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|Mol. mass||145.3 kDa|
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Bavituximab is a chimeric monoclonal antibody designed for the treatment of cancers and viral infections. It was developed by UT Southwestern Medical Center and Philip E. Thorpe and is currently owned by Peregrine Pharmaceuticals, Inc.
Mechanism of action
Bavituximab binds to phosphatidylserine which is exposed on the surface of certain atypical animal cells, including tumour cells and cells infected with any of six different families of virus. These viral families contain the viruses hepatitis C, influenza A and B, HIV 1 and 2, measles, respiratory syncytial virus and pichinde virus, which is a model for the deadly Lassa virus. Other cells are not affected since phosphatidylserine normally is only intracellular.
These target aminophospholipids, usually residing only on the inner leaflet of the plasma membrane of cells, become exposed in virally infected, damaged or malignant cells, and more generally in most cells undergoing the process of apoptosis.
The antibody's binding to phospholipids alerts the body’s immune system to attack the tumor endothelial cells, thrombosing the tumor's vascular network and/or attacking free floating virally infected and metastatic cells while potentially minimizing side effects in healthy tissues.
Data detailing the immune-stimulatory mechanism of action of PS-targeting antibodies, such as bavituximab, are the subject of a manuscript published in the October 2013 issue of the American Association for Cancer Research (AACR) journal, Cancer Immunology Research. Bavituximab is currently being evaluated in several solid tumor indications, including non-small cell lung cancer, breast cancer, liver cancer, rectal cancer and advanced melanoma.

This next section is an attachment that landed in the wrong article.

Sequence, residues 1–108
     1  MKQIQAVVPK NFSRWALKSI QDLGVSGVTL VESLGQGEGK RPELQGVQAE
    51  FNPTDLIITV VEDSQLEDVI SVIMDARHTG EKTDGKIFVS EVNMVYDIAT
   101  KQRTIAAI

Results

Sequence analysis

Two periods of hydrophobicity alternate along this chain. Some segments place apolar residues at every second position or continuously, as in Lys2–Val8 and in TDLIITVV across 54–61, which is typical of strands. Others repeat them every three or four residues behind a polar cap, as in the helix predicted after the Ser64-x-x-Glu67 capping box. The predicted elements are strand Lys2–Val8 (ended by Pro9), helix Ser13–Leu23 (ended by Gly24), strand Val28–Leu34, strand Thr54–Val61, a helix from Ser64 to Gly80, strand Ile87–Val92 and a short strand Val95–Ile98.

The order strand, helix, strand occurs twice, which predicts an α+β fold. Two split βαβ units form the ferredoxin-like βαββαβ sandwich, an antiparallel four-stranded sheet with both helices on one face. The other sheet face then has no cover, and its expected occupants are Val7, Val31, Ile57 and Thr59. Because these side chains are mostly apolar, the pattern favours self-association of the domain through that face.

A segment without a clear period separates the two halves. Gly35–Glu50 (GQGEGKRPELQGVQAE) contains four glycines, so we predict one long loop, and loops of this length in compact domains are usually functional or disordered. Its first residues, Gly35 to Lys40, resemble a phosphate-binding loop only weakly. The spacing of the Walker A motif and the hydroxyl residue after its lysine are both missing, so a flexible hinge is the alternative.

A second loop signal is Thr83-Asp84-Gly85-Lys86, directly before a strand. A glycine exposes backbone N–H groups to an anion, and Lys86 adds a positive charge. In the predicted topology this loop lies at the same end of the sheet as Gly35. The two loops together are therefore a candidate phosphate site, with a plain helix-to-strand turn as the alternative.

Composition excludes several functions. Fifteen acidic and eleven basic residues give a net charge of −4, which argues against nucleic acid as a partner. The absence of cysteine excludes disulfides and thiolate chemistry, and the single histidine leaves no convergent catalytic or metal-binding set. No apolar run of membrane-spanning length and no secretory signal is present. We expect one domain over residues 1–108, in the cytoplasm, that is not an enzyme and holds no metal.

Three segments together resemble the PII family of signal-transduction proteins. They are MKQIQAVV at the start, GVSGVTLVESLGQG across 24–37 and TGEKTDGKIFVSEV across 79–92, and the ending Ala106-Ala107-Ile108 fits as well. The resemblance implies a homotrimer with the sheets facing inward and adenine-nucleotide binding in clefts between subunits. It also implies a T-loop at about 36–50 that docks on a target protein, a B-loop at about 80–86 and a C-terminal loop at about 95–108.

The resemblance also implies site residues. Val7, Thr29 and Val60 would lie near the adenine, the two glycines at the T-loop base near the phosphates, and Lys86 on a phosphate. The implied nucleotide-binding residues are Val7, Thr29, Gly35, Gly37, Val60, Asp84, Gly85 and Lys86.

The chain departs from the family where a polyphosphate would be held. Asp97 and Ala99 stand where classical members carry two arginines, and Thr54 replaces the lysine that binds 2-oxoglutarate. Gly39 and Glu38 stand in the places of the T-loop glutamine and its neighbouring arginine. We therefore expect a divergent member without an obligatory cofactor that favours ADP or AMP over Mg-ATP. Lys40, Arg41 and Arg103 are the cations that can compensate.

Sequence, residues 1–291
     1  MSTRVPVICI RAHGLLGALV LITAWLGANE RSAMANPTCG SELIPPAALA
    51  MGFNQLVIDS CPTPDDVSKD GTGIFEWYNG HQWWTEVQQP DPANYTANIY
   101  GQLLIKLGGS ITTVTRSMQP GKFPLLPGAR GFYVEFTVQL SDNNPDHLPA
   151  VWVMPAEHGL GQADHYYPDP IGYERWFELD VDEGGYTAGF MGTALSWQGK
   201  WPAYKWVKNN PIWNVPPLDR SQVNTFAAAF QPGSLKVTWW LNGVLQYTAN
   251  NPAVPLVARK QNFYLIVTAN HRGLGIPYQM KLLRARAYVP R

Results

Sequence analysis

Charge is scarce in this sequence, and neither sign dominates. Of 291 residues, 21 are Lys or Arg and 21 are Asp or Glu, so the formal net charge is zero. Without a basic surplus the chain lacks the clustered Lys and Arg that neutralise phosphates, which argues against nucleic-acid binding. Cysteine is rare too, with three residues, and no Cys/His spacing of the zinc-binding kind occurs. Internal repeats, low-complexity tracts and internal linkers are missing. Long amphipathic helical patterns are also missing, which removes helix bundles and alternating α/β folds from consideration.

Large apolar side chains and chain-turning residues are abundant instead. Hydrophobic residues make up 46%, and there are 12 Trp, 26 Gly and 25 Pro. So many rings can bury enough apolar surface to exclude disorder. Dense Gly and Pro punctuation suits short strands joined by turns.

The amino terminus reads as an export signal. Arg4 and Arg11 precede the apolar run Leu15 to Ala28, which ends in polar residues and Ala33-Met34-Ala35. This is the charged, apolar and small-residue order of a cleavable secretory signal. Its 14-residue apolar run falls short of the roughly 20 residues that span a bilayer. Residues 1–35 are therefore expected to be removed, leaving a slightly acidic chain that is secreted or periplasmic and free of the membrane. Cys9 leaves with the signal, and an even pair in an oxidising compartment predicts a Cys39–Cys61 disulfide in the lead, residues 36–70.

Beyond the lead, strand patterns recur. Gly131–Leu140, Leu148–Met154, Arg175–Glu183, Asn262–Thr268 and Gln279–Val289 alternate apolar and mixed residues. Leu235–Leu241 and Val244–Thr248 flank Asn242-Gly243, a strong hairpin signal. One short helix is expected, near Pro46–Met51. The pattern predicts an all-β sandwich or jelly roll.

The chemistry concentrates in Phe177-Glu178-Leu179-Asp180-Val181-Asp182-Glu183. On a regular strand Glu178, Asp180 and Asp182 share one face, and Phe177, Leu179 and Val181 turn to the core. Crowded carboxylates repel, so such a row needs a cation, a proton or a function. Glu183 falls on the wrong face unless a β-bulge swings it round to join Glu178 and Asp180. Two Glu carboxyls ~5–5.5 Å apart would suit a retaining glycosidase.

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Second-line non-small cell lung cancer (NSCLC)
A phase III SUNRISE trial evaluating bavituximab plus docetaxel versus docetaxel plus placebo in approximately 600 patients at clinical sites worldwide, started in December 2013 and is expected to end in December 2016.
Final data from the 121-patient Phase II trial in 2nd line lung cancer showed increase of overall survival (OS) of 11.7 months in the 3 mg/kg bavituximab plus docetaxel arm compared to 7.3 months in the combined control arm, with a persistent separation in the Kaplan Meier survival curves (HR=0.662) Overall response rate (ORR) was 17.1% in the 3 mg/kg bavituximab plus docetaxel arm versus 11.3% in the combined control arm. Progression free survival was 4.2 months in the 3 mg/kg bavituximab plus docetaxel arm, versus 3.9 months in the combined control arm. Post study unblinding, vial coding discrepancies were discovered in the placebo and 1 mg/kg vials. As a result, data from these two arms were combined for data analysis.
Phase I open label, two-arm, randomized, single-center Phase Ib trial of bavituximab plus ipilimumab (an anti-CTLA-4 antibody), in 24 patients with advanced melanoma. The study started in April 2014 and is expected to end in March 2016. Previously, preclinical studies showed that PS targeting antibodies (such as bavituximab) enhance the anti-tumor activity of anti-CTLA-4 and anti-PD-1 antibodies. Tumor growth inhibition correlates with infiltration of immune cells in tumors and induction of adaptive immunity. The combination of these mechanisms promotes strong, localized, anti-tumor responses without the side-effects of systemic immune activation.